Wesley C.’s review published on Letterboxd:
[Quickie before I post my Slenderman review, and quite late considering I saw BlacKkKlansman on Thursday night.]
I love Do the Right Thing, not only for how Spike Lee pushes the boundaries of visual storytelling, but in the way he’s accurately aware of multiple perspectives. He obviously values his own perspective—as a black man and black empowerment activist—yet he frames the competing opinions of his other characters with enough sympathy to keep them from falling into charactiture. For a bad example of what I mean, check out the way this year’s Blindspotting handled police and hipsters.
Despite not quite pulling through with the stylistic expectations his previous filmography boasts, his slick and engaging detective thriller BlacKkKlansman doubles down on that same multi-perspective kaleidoscoping that brings depth not only to the film’s politics, but to our world as well. The movie interrogates the victim complex surrounding white supremacists; ever since D.W. Griffith’s The Birth of a Nation electrified both disadvantaged and privileged whites alike, the Klan’s revival sparked a nationalistic army to stand against a largely imagined threat. But even if Lee understands where the rage comes from, he doesn't give their perspective credence. In fact, from blooper reel Dr. Beaureguard to the easily gullible Grand Wizard David Duke, each white supremacist onscreen is kind of a buffoon. And they should be! Lee pulls no punches in showing their blind hatred and inability to reason. Maybe it's not the full and comprehensive breakdown of internalized white supremacy and microaggression culture wish fulfillment that Vox.com hoped for, but a deserved middle finger to the guys who tried to make the Klan cool again.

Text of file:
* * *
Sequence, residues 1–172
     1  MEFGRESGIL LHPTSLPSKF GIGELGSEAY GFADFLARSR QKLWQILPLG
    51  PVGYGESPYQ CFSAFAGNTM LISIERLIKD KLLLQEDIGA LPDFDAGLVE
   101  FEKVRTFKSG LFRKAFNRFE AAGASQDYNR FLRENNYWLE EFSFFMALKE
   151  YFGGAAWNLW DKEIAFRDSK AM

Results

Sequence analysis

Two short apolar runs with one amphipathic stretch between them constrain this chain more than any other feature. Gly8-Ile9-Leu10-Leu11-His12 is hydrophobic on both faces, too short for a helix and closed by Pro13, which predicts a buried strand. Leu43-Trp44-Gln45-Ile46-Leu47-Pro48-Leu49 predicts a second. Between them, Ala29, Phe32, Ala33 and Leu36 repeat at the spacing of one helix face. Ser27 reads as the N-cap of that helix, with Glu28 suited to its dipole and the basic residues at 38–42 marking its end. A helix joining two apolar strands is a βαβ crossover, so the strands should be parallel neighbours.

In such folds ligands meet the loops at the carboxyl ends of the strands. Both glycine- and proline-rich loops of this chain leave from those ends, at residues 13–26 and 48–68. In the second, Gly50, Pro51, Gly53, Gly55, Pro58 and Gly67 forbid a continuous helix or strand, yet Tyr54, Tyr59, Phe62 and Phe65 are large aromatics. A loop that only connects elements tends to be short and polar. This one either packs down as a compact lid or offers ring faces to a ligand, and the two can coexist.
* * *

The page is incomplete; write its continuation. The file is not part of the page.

The camera work does just enough to keep the performances in the foreground, while enhancing the mood of each scene. However, a number of editing flaws, including rushed dialogue continuity and clearly unfinished scenes, and structural problems make the movie feel as though it were missing the same direct control Lee exerted upon his earlier films. Despite occasionally being marred by these problems, the movie continues to engage and provoke some interesting questions about the persistence of white supremacy, up until a graphically blatant sequence tacked onto the ending (which I've learned was a late addition to the film) makes the message painfully clear, lacking any sort of style or grace that might make it a worthwhile appendage to an already worthwhile movie.